Marriage is not a sleeping-arrangement partnership. If that’s what you thought before you got married; if you hoped through marriage you might assuage your little-girl/big-world loneliness that you most poignantly felt at night when it’s time for bed, then you got married for the wrong reasons. It’s time to grow up.
There are a number of perfectly legitimate reasons why a husband might prefer to sleep on the couch that have nothing to do with a weakening marital bond. Do you have different sleep schedules? Do you snore? Are you a light sleeper that wakes up every time he moves around? Does he have a different wake schedule? Is the possibility of sex completely foreclosed by bed time? Any of these and more might be a good reason for your husband to want to sleep apart. They only indicate marital trouble if you foolishly try to conflate marriage with sleeping in the same bed, an idea that only gained purchase in the last half-century or so.
My wife and I have been married over fifteen years now. We almost never have sex anymore. I’m thinking of straying, but in the meantime, sign me, wanking it in Portland, Oregon.
Though “sleeping together” has become an euphemism for a couple sharing a conjugal relationship, “sleeping together” in the context of marriage often means only what it says, perhaps explaining why so many men prefer couches to the marital bed (see previous answer). Why bother putting up with another human so close by if there are no benefits to be gained from the proximity?
Your complaint that your previously monogamous relationship has slipped into quasi-celibacy with time is a common one. And usually, let’s just be honest here, it is the woman’s fault. Though men are ill-designed biologically to thrive in a monogamous state, they are even less well-suited for celibacy. In general, men would have sex with their wives—even wives getting old and out of shape–if their wives would let them.
Sex in a marriage is hard nut to crack (no double entendre intended). Unlike sleeping in the same bed, which is not a critical clause in the marital contract, sexual fidelity generally is. Whether sleeping in the same bed, on the couch, or in strange beds, wives generally do not want their husbands to have sex with other women, even when they themselves don’t want to have sex with them. The wife in a marriage has a monopoly on the amount of sex supplied to the marriage. Sometimes the wife supplies an amount of sex reasonably commensurate with demand, but often they don’t, not caring that in so refusing, they have forced their husbands into a situation where they must either violate their marital vows or simply do without. It is why married men so often lead lives of quiet desperation.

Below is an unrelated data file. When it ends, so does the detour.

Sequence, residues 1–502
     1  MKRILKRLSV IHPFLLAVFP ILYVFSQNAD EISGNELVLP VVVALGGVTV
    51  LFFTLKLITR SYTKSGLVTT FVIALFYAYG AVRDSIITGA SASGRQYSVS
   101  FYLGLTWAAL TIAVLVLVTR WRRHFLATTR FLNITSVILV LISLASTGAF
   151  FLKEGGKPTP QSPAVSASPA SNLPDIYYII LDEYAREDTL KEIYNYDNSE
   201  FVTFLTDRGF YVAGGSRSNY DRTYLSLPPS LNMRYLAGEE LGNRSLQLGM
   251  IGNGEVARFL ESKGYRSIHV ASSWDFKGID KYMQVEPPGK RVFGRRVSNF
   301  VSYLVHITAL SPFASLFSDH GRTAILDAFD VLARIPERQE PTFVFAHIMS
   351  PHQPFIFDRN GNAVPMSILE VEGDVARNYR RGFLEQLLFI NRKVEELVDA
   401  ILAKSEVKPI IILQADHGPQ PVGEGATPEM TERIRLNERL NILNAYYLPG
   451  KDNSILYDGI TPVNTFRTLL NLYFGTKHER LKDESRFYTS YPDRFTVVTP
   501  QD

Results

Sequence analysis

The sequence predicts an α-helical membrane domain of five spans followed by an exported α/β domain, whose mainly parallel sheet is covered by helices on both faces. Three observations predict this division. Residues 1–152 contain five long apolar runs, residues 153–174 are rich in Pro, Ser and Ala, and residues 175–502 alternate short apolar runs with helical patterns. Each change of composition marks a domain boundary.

It seems to me that the female compulsion to strictly enforce marital fidelity among men, and the impulse to conflate marriage with sleeping together in the same bed, arrived at about the same time and for the same reason, a by-product of rising female economic power relative to men. Half a century ago, women didn’t really expect men to be sexually monogamous. Look at Jackie O—her husband was openly seduced by Marilyn Monroe, among a host of others—but she just ignored it. Yes, marriage ostensibly demanded sexual fidelity, but really, what man could actually live like that? And since men held far greater economic power than women (Jackie O being a perfect example), the women turned a blind eye to it.